Back in June, 2010 Barack Obama and Angela Merkel had a disagreement. President Obama told Merkel that that the only way to prosperity was for governments to spend their way out of economic recession. A NY Times article, headlined “Obama Asks G-20 States to Maintain Stimulus” said the President wrote to Europeans warning them against cutting their stimulus programs.
“We must be flexible in adjusting the pace of consolidation and learn from the consequential mistakes of the past when stimulus was too quickly withdrawn and resulted in renewed economic hardships and recession,” Mr. Obama wrote.
But Angela Merkel disagreed. And Channel News Asia described the Barack vs Angela argument.
Europe and the United States were on a collision course on Friday over how best to sustain the fragile global economic recovery, as G8 leaders launched talks in Canada.
Germany’s Chancellor Angela Merkel showed her hand early, insisting members must move quickly to slash soaring public deficits and restore financial stability to their battered economies. …
“It is time to reduce the deficits. Europe has experienced what it means to have too big deficits … We need growth that doesn’t rely on debt but is based on real grounds,” Merkel told journalists at the venue.
Today, with the BBC reporting the fastest German growth in 20 years and the US economy in the doldrums there’s some evidence to suggest that the German economic Merkel may have a point. The European economic performance figures of the last few months are suggestive. In the winner column are the ants. In the loser column are the grasshoppers. The BBC writes: “Such quarter-on-quarter growth has never been recorded before in reunified Germany,” the national statistics office of Germany said. Cameron was doing well too. “The UK has also reported higher-than-expected growth of 1.1% for the period.” On the other hand Greece saw its economy shrink by 1.5%, nearly 2/3th the German pace, but in the negative direction. Maybe those riots in the streets demanding an end to the crisis don’t have any practical effect.
In the US, however, second quarter growth was 0.6%, down from 0.9% between January and March, raising questions about the strength of the recovery in the world’s biggest economy.
Something about Germany has stimulated its economy indirectly. Perhaps by increasing confidence that their country was headed in the right direction, Germany persuaded its consumers to open their wallets. Ben Shore, the BBC’s European business reporter said:
Not since the Berlin Wall divided the country has Germany seen growth of 2.2% in a single three-month period. …
But the most surprising element of the numbers is an apparent contribution from the German consumer. They have traditionally been very cautious in their spending habits, but appear in 2010 to have finally opened their wallets with gusto.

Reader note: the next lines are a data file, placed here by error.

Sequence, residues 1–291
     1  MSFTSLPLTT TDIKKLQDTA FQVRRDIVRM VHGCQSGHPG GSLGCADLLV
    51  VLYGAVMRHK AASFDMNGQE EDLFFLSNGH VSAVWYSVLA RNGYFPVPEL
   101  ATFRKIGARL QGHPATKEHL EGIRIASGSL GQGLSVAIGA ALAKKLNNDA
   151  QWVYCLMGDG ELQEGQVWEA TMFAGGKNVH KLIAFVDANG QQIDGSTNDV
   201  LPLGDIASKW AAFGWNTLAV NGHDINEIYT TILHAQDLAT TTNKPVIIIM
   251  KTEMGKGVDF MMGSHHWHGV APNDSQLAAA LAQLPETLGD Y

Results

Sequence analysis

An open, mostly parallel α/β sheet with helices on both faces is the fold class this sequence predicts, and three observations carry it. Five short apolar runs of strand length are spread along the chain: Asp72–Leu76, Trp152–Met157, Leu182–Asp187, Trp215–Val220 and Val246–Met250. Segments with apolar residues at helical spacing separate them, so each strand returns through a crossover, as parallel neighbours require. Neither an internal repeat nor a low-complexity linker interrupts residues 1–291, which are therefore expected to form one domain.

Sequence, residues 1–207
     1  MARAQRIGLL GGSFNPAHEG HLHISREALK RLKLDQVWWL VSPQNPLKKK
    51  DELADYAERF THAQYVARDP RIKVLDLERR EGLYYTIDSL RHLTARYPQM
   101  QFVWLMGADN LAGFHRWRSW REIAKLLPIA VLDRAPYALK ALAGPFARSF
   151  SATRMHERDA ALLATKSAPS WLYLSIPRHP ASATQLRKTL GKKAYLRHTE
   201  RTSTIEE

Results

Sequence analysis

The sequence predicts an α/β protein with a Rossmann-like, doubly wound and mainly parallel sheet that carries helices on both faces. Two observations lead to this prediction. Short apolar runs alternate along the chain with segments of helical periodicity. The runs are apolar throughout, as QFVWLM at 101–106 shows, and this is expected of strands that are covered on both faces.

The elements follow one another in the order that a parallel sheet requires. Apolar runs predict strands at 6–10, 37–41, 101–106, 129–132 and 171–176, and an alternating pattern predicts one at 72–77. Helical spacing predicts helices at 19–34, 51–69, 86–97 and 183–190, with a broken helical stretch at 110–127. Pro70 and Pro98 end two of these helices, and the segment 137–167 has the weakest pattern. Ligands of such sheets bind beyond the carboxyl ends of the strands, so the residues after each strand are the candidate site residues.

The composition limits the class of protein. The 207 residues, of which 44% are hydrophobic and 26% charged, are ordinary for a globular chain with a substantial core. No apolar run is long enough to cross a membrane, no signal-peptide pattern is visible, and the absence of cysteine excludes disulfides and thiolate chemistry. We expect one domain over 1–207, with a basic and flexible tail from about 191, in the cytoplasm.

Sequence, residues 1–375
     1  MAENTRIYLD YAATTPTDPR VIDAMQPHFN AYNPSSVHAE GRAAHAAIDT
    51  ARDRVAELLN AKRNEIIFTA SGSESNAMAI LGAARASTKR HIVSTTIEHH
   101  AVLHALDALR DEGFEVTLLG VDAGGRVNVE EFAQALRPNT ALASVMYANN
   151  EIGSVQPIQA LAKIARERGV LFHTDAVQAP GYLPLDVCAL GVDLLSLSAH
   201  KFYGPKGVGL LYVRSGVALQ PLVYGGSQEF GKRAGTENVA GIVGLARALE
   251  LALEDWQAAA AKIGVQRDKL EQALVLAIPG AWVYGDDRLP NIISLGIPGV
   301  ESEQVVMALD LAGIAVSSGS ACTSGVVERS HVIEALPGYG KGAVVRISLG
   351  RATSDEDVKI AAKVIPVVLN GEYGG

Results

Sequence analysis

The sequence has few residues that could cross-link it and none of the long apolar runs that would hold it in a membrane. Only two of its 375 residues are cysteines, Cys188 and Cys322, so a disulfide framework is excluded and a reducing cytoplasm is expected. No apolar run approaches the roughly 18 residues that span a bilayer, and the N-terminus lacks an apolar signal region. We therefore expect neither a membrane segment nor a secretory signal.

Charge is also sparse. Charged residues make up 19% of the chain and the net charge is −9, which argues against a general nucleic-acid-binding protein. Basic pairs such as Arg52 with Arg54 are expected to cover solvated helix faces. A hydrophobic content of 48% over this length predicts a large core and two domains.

But the Second Stimulus crowd is unlikely to give up. “Nobel Prize-winning economist Joseph E Stiglitz said last week the US economy faces an ‘anaemic recovery’ and will need another round of stimulus measures. ” One criticism that is sure to be heard is that Merkel’s success cannot have been due to austerity measures which have yet to take effect. Moreover, the Merkel austerity program is a combination of tax increases and spending cuts, something that may not be popular in the US. And the proponents of the stimulus have not yet given up proclaiming they’ve saved the world. Harry Reid, describing the $26 billion dollar stimulus package aimed at propping up Medicaid and education said “we saved people’s jobs”, according to The Daily Caller. The Daily Caller suggests that they were mostly union jobs.
This newest stimulus, like most of the other legislation hurriedly pushed through by the Obama administration, in actuality does little more than protect the revenue stream that flows back to the union coffers. That money will then be used to support Democrat party candidates in Senate and House races come November. Nancy Pelosi has been openly vocal of late about the good union members do by lobbying, “volunteering” their time, and generally supporting efforts at keeping the Democrat party strong.
So when Senate Leader Reid says jobs have been saved, he’s not lying. He’s just talking about the potential job retention on The Hill rather than the jobs saved in the classroom.
Maybe that judgment is a little harsh, but interestingly enough the first sector to criticize Merkel when she unveiled her austerity package were the German trade unions. Tne New York Times reported their reaction to the Merkel plan. “It was immediately criticized by the opposition and trade unions, which pledged that they would unite to fight cutbacks they claimed would undermine the country’s generous social welfare system.” Still, the debate between those who would fix the economy by getting the government off the people’s backs and those who think a larger government can help carry the load — while perched atop the public — has now heard the bell marking the end of the first round. Score: Merkel ahead on points. No political KO.
Below: the macroeconomic argument in 3 minutes and twenty seconds. Hat tip: Panday